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WINGS Birding Tours – Itinerary


April 2024
Tikal Extension
with Luke Seitz and Roland Rumm as leaders
A Horned Guan vocalizes from the canopy on San Pedro Volcano. Photo: Luke SietzA Horned Guan vocalizes from the canopy on San Pedro Volcano. Photo: Luke Sietz
  • A Horned Guan vocalizes from the canopy on San Pedro Volcano.

    A Horned Guan vocalizes from the canopy on San Pedro Volcano. Photo: Luke Sietz

  • Turquoise-browed Motmot is one of several motmots possible on the tour.

    Turquoise-browed Motmot is one of several motmots possible on the tour. Photo: Luke Seitz

  • The stunning colors of Ocellated Turkey in this close-up

    The stunning colors of Ocellated Turkey in this close-up Photo: Luke Seitz

  • The striking and unique Pink-headed Warbler is surely a highlight of this tour.

    The striking and unique Pink-headed Warbler is surely a highlight of this tour. Photo: Luke Seitz

  • Goldman's Warbler, a distinctive relative of Yellow-rumped Warber, is found only in Guatemala.

    Goldman's Warbler, a distinctive relative of Yellow-rumped Warber, is found only in Guatemala.

Just a three-hour flight from the US, the highlands of Guatemala’s Pacific slope are famous worldwide for holding a host of regional endemics. The improbable-looking Pink-headed Warbler might top the list, but it’s hardly outdone by other gems like Blue-throated Motmot, Blue-and-white Mockingbird, and Chestnut-sided Shrike-Vireo. With an expected split happening soon, one more species will soon be added to the list of specialties: the only true Guatemalan endemic, the incomparable Goldman’s Warbler. Less well known are the astonishing concentrations of boreal migrants—especially wood warblers—that share these cool montane forests with the vast selection of Central American specialties. Though our tour specifically targets the resident endemics, we’ll also take time to enjoy fully the diversity of the region’s birdlife.

Our Tikal Extension takes us even further back in time and into tropical lowland habitats with a completely new suite of birds. Watching Ocellated Turkeys, parrots, and perhaps even the local pair of Orange-breasted Falcons among the ruins of one of the greatest cities ever built in the New World is a treasured experience.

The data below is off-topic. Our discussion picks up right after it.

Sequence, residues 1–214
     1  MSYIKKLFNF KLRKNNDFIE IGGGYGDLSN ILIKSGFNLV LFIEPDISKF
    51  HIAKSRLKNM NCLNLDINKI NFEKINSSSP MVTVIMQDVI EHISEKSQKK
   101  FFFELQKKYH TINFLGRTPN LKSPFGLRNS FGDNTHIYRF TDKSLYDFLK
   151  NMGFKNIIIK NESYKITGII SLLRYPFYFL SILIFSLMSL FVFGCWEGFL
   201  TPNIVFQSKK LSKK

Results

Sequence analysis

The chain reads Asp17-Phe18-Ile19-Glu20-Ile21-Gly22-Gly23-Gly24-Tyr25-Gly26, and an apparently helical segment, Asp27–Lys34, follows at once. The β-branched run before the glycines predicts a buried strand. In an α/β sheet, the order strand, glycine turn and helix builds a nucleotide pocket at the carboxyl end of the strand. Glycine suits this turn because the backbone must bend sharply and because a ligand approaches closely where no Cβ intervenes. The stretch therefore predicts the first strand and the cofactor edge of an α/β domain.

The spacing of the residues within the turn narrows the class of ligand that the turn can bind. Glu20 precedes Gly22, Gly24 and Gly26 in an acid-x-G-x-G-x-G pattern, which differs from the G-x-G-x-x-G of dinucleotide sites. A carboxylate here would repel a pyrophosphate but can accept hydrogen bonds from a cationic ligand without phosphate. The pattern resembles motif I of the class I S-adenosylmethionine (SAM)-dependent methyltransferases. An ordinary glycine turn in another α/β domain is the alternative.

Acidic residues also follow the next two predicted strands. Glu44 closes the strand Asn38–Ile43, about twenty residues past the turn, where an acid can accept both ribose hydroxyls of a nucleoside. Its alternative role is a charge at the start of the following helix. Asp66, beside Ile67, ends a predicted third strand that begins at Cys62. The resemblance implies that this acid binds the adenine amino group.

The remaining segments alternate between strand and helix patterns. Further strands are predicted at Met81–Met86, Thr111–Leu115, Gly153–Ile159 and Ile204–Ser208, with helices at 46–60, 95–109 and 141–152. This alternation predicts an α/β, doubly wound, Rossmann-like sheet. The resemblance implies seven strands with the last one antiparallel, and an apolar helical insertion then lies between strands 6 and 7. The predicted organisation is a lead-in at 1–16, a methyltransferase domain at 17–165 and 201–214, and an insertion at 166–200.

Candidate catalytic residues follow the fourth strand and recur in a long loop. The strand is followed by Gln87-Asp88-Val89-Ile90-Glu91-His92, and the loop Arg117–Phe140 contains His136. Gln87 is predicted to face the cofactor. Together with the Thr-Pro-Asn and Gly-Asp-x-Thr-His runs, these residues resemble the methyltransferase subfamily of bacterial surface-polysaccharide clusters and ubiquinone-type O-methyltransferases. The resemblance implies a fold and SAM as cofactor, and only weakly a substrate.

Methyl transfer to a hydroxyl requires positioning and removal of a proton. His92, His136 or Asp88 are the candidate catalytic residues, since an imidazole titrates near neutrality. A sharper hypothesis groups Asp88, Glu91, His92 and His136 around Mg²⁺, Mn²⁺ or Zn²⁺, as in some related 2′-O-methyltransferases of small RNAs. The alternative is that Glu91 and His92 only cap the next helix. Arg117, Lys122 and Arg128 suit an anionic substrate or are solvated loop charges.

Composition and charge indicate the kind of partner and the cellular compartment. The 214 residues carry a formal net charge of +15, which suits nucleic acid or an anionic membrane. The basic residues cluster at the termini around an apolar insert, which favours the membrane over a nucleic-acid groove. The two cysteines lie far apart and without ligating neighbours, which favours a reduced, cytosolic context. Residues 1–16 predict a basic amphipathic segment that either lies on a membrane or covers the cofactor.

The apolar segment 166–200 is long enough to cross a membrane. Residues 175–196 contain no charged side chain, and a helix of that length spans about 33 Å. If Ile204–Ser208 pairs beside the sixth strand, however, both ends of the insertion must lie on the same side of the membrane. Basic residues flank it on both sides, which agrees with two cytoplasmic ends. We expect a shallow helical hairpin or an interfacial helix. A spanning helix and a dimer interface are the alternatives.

Day 1: Participants will be met on arrival in Guatemala City for transfer to our hotel in Antigua, often described as the most beautiful city in all of Central America. Our first introductory meeting will be at dinner at our hotel, followed by a night in Antigua.

Day 2: We’ll load up early and make the hour-long drive to Finca El Zapote, on the south slopes of Volcán de Fuego. Here, we’ll have a wonderful breakfast in the garden with our first Guatemalan birds surrounding us: Orange-fronted and Pacific Parakeets might be zipping around, Rufous-naped Wrens should be bouncing conspicuously through the trees, Turquoise-browed Motmot could perch conspicuously, and flocks of migrant warblers will mingle with Yellow-winged Tanagers and Red-legged Honeycreepers. We’ll have the full morning to explore the finca, paying special attention to the understory for Tody Motmot, Bushy-crested Jay, and whatever else might catch our eye. After lunch, we’ll continue driving towards Los Tarrales, our exiting birding destination for the next few days.

Days 3-4: We’ll have two full days to explore Los Tarrales, a private nature reserve that encompasses a wide elevation range and lots of special birds. We’ll try to cover as much habitat as possible, exploring the trails around the lodge for lower-elevation species like White-bellied Chachalaca, Turquoise-browed Motmot, Orange-fronted, Orange-chinned, and Pacific Parakeets, Long-billed Starthroat, Barred Antshrike, Yellow-olive Flycatcher, Masked Tityra, Long-tailed Manakin, and White-winged Tanager. Tody Motmot is a distinct possibility, although it’s gotten more difficult to see here in recent years. The higher elevations of Los Tarrales are often productive for some of the hardest specialties of the region, including Azure-rumped Tanager, Bar-winged Oriole, and Emerald-chinned Hummingbird. Nights at Los Tarrales.

Day 5: We’ll make an early departure from Los Tarrales and drive to the edge of Lake Atitlan, where we’ll have a full morning to look for various specialties. One of our targets may be the unusual Slender Sheartail at one of the local gardens. We’ll also likely visit Mirador Rey Tepepul, which can sometimes host Azure-rumped Tanager and Resplendent Quetzal if the right trees are fruiting. We might take hike on a narrow forest trail that has produced goodies like Gray-collared Becard and Blue-crowned Chlorophonia in the past. We’ll have lunch at a lakeside hotel in the town of Santiago, before a three-hour drive to the town of Zunil. If the weather cooperates, we’ll try some optional owling after dinner. Night at Las Cumbres, Zunil.